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The history of large-scale slavery in the State of Missouri began in 1720, when a French entrepreneur named Philippe François Renault brought about 500 negro slaves from Saint-Domingue up the Mississippi River to work in lead mines in what is now southeastern Missouri and southern Illinois. These people were the first enslaved Africans brought en masse to the middle Mississippi River Valley. Prior to Renault's enterprise, slavery in Missouri under French colonial rule had been practiced on a much smaller scale as compared to elsewhere in the French colonies.

The institution of slavery only became especially prominent in the area following two major events: the invention of the cotton gin by Eli Whitney in 1793, and the Louisiana Purchase in 1803. These events led to the westward migration of slave-owning settlers into the area of present-day Missouri and Arkansas, then known as Upper Louisiana. The majority of slave owners in Missouri had moved from worn-out agricultural lands in North Carolina, Tennessee, Kentucky, and Virginia. Still, cotton cultivation, arguably the industry to which slave labor was the most important, was never as well-suited to Missouri's climate as to the rest of the southern United States, and was limited entirely to the most southern parts of the state near the border with present-day Arkansas. Slavery in other areas of Missouri was concentrated in other agricultural industries, such as those for tobacco, hemp, grain, and livestock. A number of slaves was also hired out as stevedores, cabin boys, or deck hands on the ferries of the Mississippi River.

By the beginning of the American Civil War, only 36 counties in Missouri had 1,000 or more slaves. Male slaves fetched a price of up to $1,300.[1] In the State Auditor's 1860 report, the total value of all slaves in Missouri was estimated at approximately US$44,181,912.


Slave codesEdit

Missouri's territorial slave code was enacted in 1804, a year after the Louisiana Purchase, under which slaves were banned from the use of firearms, participation in unlawful assemblies, or selling alcoholic beverages to other slaves. It also severely punished slaves for participating in riots, insurrections, or disobedience of their masters. It also provided for punishment by mutilation of a slave who sexually assaulted a white woman; a white man who sexually assaulted a female slave of another white man was typically charged with nothing more than trespassing upon her owner's property. The code was retained by the State Constitution of 1820.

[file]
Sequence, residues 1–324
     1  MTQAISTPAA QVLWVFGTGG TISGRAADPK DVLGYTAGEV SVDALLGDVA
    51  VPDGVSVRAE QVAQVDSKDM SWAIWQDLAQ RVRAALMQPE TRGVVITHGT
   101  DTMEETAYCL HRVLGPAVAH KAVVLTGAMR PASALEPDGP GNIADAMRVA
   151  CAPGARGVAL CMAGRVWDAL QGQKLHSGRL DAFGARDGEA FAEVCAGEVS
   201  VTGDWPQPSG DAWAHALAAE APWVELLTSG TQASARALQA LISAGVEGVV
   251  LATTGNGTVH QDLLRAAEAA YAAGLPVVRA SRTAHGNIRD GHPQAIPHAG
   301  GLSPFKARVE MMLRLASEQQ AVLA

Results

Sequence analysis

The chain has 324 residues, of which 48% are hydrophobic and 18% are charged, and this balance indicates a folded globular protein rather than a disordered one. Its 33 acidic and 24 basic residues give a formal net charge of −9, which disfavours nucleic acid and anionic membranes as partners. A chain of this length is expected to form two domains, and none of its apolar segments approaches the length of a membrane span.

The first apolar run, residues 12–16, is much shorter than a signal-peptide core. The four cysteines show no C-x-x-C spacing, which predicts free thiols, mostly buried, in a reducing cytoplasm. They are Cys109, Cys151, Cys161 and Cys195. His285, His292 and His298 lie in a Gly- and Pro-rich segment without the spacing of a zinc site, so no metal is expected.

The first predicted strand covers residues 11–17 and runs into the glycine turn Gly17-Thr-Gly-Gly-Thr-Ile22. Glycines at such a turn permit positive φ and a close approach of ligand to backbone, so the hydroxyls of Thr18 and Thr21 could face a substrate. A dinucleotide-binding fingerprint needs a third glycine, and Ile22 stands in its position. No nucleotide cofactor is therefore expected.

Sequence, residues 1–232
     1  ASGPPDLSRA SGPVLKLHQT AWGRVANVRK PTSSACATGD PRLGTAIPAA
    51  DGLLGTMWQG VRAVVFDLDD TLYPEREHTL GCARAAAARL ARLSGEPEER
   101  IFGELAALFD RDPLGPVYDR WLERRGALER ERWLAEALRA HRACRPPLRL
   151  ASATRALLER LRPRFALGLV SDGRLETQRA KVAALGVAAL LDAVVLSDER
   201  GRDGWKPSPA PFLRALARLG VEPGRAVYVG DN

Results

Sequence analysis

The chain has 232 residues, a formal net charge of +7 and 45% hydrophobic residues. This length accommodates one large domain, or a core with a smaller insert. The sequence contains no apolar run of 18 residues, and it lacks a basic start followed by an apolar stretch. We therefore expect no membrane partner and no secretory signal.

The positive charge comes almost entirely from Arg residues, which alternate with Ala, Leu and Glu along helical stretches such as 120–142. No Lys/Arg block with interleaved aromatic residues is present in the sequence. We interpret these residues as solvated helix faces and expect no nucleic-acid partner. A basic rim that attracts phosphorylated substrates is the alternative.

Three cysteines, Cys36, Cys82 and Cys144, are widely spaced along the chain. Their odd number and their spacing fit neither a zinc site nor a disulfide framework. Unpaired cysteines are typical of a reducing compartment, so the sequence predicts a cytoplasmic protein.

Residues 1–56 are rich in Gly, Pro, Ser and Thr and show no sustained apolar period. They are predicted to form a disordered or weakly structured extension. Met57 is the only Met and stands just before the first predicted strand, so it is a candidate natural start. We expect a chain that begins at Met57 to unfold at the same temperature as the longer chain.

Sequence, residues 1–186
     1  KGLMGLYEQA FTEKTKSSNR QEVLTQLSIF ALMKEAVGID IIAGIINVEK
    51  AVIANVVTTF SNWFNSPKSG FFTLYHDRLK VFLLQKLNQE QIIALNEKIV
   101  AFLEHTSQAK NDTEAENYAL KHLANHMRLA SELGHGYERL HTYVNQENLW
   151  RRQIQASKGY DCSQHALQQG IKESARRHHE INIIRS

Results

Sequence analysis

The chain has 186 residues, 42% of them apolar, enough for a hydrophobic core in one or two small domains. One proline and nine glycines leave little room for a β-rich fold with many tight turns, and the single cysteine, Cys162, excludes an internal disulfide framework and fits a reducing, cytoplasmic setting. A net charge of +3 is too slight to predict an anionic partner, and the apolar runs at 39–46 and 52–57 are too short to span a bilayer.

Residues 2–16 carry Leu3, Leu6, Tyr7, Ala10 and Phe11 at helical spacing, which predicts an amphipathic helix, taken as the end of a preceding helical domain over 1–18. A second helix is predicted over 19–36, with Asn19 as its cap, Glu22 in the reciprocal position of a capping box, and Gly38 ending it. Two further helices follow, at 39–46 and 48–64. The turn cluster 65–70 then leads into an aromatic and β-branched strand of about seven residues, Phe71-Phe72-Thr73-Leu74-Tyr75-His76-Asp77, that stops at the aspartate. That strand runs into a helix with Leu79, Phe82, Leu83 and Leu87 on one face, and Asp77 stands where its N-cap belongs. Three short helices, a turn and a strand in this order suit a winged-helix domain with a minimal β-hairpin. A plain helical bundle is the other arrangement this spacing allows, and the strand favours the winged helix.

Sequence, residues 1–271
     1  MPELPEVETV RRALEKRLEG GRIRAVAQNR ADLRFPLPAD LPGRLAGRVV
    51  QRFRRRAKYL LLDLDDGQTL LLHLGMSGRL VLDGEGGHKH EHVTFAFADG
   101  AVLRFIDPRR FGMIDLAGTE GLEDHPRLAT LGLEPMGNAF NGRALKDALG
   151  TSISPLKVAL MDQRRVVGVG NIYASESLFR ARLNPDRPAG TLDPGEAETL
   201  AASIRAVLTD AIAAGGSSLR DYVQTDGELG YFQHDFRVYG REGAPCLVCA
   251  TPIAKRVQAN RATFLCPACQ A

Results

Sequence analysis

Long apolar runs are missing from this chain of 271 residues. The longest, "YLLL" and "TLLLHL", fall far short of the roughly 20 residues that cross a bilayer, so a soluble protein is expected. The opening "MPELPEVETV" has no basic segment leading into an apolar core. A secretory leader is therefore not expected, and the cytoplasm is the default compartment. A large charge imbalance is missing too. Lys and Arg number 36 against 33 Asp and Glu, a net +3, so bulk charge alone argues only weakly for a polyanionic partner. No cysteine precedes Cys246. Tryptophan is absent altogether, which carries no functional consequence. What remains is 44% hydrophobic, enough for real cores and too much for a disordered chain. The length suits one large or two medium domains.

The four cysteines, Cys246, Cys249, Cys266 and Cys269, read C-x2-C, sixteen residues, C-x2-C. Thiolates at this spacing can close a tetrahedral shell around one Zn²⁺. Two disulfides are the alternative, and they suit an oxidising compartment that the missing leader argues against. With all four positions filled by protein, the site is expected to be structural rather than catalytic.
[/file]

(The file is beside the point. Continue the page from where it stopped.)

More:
At the end of 1824, the Missouri General Assembly passed a law providing a process for enslaved persons to sue for freedom and have some protections in the process. An 1825 law passed by the General Assembly declared blacks incompetent as witnesses in legal cases which involved whites, and testimonies by black witnesses were automatically invalidated. In 1847, an ordinance banning the education of blacks and mulattoes was enacted. Anyone caught teaching a black or mulatto person, whether enslaved or free, was to be fined $500 and serve six months in jail.


Elijah Lovejoy edited an abolitionist newspaper, the Observer, in St. Louis before being driven out by a mob in 1836. He fled across the Mississippi River to Alton, Illinois, where he was later killed in an exchange of gunfire with a pro-slavery mob.

In 1846, one of the nation's most public legal controversies regarding slavery began in St. Louis Circuit Court. Dred Scott, a slave from birth, sued his owner's widow on the basis of a Missouri precedent that held that slaves freed through prolonged residence in a free state or territory would remain free upon returning to Missouri. Scott had spent several years living in Illinois and the Wisconsin Territory with his owner, Dr. John Emerson, before returning to Missouri in 1840. After Emerson's death, Emerson's widow refused to buy Scott's and his family's freedom, so Scott resorted to the legal action permitted him under Missouri's 1824 law.

Scott eventually lost his case in the Missouri Supreme Court, but brought legal suit again in 1853 under federal law. The case was appealed to the United States Supreme Court and became a flashpoint in the ongoing national debate over the legality of slavery. In 1857, the Supreme Court handed down its verdict in Dred Scott v. Sandford: slaves were not citizens, and therefore Scott did not have the right to sue for his family's freedom. The landmark decision found the provisions of the Missouri Compromise of 1820 unconstitutional, and helped to fan the flames of conflict between pro-slavery and anti-slavery factions in the United States. The Scott family was eventually granted freedom by their owners, but Scott died shortly after, in 1858.

As one of the border states during the American Civil War, Missouri was exempt from President Abraham Lincoln's 1863 Emancipation Proclamation decreeing the freedom of slaves in all territory then held by Confederate forces. On January 11, 1865, a state convention approved an ordinance abolishing slavery in Missouri by a vote of 60-4,[2] and later the same day, Governor Thomas C. Fletcher followed up with his own "Proclamation of Freedom".[3] This action effectively marked the end of legal slavery in the state of Missouri.

See alsoEdit


  1. ^ Federal Reserve Bank of Minneapolis Community Development Project. "Consumer Price Index (estimate) 1800–". Federal Reserve Bank of Minneapolis. Retrieved January 2, 2019.
  2. ^ Missouri (1865). Journal of the Missouri state convention, held at the city of St. Louis January 6-April 10, 1865. St. Louis: Missouri Democrat. pp. 25–26. Retrieved 7 April 2016.
  3. ^ Fletcher, Thomas C. (1865). Missouri's Jubilee. Jefferson City, MO: W. A. Curry, Public Printer. Retrieved 7 April 2016.

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